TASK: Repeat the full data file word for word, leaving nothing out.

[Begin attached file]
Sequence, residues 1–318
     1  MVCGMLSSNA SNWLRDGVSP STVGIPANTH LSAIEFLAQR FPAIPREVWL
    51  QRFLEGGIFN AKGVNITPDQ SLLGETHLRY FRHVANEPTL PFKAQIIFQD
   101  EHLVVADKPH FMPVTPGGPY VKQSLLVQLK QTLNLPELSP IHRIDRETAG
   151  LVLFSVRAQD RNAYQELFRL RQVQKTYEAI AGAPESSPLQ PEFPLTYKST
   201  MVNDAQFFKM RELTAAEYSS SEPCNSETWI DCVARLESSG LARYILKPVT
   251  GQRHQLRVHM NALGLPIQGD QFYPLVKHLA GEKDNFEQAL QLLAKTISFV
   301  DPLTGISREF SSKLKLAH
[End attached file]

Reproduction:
Sequence, residues 1–318
     1  MVCGMLSSNA SNWLRDGVSP STVGIPANTH LSAIEFLAQR FPAIPREVWL
    51  QRFLEGGIFN AKGVNITPDQ SLLGETHLRY FRHVANEPTL PFKAQIIFQD
   101  EHLVVADKPH FMPVTPGGPY VKQSLLVQLK QTLNLPELSP IHRIDRETAG
   151  LVLFSVRAQD RNAYQELFRL RQVQKTYEAI AGAPESSPLQ PEFPLTYKST
   201  MVNDAQFFKM RELTAAEYSS SEPCNSETWI DCVARLESSG LARYILKPVT
   251  GQRHQLRVHM NALGLPIQGD QFYPLVKHLA GEKDNFEQAL QLLAKTISFV
   301  DPLTGISREF SSKLKLAH